So I’m almost at the end of the week but on the good side I’m cramming as much overtime as I can in before I go on my break from 1 to 9 June this year – earn whole lot of money and use it to get myself into a better financial situation.  Basically if I can nail down 2 months of over time then that’ll get my closer to my goal and thus life is a lot easier for me in the long run.

Finished work tonight and finally got my act together in terms of completing some washing, hoovering the house, and other domestic chores to get the place in good order. Winter is going along with a vengeance but funny enough even tonight at 8℃ my house isn’t as cold as I expected since I’ve got double glazed windows doing a pretty good job to hold in the heat. When I get home tomorrow night/tonight after work I’ll fold everything up and organise my bedroom so it is more organised – an organised home is an organised life as they say.

Looking forward to WWDC with rumours that iTunes is going to be broken down into various parts – hopefully we’ll send up seeing it happen because god knows iTunes is trying to be everything to everyone resulting in a bloated convoluted piece of software that is only made worse the larger your music library gets. Regarding ripping, IMHO XLD does a lot better job.

There is also the other part that’ll make for interesting conversation and that is the removal of legacy components with 10.15 which makes me wonder what is going to happen in the case of XLD which makes references to QuickTime – given that is replaced with AV Foundation and AV Kit I hope that is work being done to shed that reliance on legacy technology so that in 6-7 months time that it’ll be all ready to run on 10.15.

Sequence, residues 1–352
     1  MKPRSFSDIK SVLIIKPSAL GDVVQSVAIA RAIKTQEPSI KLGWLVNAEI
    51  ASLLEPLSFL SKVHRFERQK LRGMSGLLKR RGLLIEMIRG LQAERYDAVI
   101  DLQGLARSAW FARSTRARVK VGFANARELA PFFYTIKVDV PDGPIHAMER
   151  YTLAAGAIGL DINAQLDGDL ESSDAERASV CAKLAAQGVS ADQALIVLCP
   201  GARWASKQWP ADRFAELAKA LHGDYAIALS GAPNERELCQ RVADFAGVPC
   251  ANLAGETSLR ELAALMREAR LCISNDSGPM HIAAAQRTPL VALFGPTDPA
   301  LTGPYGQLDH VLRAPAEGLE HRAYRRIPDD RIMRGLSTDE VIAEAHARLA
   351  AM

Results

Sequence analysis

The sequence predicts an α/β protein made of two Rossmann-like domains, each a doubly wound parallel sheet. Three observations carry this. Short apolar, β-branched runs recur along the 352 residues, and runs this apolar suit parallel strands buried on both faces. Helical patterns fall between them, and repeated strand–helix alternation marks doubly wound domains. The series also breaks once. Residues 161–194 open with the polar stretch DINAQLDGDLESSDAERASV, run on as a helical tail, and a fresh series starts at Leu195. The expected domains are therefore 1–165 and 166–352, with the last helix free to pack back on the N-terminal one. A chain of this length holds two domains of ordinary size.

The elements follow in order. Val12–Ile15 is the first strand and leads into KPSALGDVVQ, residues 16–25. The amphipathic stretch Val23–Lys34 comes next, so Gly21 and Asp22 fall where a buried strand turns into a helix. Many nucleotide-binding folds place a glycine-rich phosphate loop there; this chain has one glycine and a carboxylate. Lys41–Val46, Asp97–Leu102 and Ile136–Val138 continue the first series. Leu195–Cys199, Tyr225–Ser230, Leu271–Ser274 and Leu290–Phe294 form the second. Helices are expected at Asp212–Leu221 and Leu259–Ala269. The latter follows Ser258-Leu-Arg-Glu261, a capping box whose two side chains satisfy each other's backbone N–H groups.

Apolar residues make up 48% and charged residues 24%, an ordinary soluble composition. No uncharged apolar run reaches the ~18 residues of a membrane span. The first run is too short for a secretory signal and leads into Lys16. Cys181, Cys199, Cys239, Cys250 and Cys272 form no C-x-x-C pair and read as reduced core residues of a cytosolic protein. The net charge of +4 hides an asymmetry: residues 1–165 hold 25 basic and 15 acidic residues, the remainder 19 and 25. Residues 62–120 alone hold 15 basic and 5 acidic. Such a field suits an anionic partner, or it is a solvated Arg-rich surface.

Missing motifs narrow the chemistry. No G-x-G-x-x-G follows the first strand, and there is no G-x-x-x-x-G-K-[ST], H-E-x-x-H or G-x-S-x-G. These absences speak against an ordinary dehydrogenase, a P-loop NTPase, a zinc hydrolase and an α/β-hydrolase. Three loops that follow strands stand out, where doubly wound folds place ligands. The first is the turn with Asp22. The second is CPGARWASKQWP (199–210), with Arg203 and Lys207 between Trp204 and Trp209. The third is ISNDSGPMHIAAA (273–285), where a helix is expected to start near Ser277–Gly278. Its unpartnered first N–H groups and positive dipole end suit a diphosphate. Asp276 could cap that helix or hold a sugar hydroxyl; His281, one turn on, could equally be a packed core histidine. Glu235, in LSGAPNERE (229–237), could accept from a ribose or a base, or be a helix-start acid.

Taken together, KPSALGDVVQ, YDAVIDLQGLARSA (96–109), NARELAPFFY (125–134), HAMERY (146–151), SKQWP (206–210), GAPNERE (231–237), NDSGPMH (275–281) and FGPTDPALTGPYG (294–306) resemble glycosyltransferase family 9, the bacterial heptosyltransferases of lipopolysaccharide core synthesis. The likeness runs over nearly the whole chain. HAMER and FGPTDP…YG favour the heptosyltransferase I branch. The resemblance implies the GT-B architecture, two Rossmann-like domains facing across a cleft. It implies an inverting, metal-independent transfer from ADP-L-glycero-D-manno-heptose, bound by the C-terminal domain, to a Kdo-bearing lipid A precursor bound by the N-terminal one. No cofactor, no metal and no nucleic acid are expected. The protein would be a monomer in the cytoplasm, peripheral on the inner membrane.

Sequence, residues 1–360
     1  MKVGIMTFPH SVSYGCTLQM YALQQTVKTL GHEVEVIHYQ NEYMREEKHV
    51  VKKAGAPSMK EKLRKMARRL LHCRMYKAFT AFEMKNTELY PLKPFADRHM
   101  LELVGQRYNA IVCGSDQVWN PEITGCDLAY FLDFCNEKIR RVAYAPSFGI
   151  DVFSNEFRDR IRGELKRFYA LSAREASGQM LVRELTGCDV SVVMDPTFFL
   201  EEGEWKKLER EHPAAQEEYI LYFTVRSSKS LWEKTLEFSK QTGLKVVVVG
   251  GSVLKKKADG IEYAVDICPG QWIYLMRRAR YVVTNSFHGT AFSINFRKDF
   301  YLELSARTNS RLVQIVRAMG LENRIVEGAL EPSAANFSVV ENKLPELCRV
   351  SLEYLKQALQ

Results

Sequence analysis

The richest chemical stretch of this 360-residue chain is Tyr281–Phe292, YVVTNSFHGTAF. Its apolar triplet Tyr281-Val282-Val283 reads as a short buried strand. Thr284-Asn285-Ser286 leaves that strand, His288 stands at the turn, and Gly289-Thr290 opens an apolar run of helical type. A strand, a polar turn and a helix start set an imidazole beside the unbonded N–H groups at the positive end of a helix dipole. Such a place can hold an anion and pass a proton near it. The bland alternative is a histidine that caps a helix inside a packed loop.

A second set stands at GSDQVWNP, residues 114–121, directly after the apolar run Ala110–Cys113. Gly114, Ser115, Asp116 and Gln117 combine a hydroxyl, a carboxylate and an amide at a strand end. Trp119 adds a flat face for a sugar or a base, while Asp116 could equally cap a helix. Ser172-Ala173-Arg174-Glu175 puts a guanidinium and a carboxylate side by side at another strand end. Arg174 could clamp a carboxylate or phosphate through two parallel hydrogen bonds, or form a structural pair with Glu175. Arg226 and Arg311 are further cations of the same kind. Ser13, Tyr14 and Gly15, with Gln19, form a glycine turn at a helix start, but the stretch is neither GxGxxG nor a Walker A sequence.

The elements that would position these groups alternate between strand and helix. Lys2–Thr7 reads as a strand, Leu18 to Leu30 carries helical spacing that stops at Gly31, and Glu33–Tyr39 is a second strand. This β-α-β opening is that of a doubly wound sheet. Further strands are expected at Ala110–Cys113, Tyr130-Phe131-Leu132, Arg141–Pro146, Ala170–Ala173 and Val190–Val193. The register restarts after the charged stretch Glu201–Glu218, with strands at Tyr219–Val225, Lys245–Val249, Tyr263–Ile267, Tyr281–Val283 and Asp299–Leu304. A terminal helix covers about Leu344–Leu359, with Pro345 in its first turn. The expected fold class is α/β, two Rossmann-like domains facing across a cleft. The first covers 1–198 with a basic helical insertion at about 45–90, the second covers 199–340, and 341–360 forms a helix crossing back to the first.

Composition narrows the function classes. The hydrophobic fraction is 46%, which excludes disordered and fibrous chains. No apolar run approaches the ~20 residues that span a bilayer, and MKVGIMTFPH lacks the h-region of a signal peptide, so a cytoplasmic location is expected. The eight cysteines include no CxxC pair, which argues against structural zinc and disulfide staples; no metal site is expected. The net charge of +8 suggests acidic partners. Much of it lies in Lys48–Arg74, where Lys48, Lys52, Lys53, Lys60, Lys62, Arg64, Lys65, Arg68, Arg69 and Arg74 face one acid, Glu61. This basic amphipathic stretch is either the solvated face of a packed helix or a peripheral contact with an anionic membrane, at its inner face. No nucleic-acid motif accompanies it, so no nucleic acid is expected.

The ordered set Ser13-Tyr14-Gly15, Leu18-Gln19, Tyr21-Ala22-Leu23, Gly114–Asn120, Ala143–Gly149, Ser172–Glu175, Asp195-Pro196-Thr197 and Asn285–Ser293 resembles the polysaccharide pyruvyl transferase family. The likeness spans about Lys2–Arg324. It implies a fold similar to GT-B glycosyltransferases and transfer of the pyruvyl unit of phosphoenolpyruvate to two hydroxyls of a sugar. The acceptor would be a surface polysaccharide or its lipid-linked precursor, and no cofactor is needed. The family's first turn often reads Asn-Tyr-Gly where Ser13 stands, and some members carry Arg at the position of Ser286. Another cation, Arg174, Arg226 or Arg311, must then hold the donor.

Apple Pay supported at more banks!

Hot on the heals of ASB recently joining the fold of Apple Pay support (along side BNZ and ANZ) we have Westpac NZ recently join the fold on Tuesday which is inline with my speculation I had a while ago where Westpac will most likely keep their in-house NFC software for Android (their in-house NFC application is really sleek when compared to ASB where ASB tries to ram everything into a single application thus making the overall experience a lot more convoluted than if it were pushed off into its own application).  

Now, the big question is when does Kiwibank make the big move? Every since the giant core banking SAP fiasco where they planned to replace Ultracs with a SAP based core banking system they’ve been trying to move the organisation forward whilst cleaning up the mess as they go along. The situation hasn’t smooth sailing given that already this year I can think of 3 incidents where their Debit/Credit system when hay wire resulting in transaction double ups. There are rumours that whilst all that is being addressed that they’re working on a NFC client for Android but I’d say that like Westpac that they’ll also offer Apple Pay – to ignore Apple Pay would be business suicide because at this point it is a ‘must have’ requirement when deciding what bank to go with.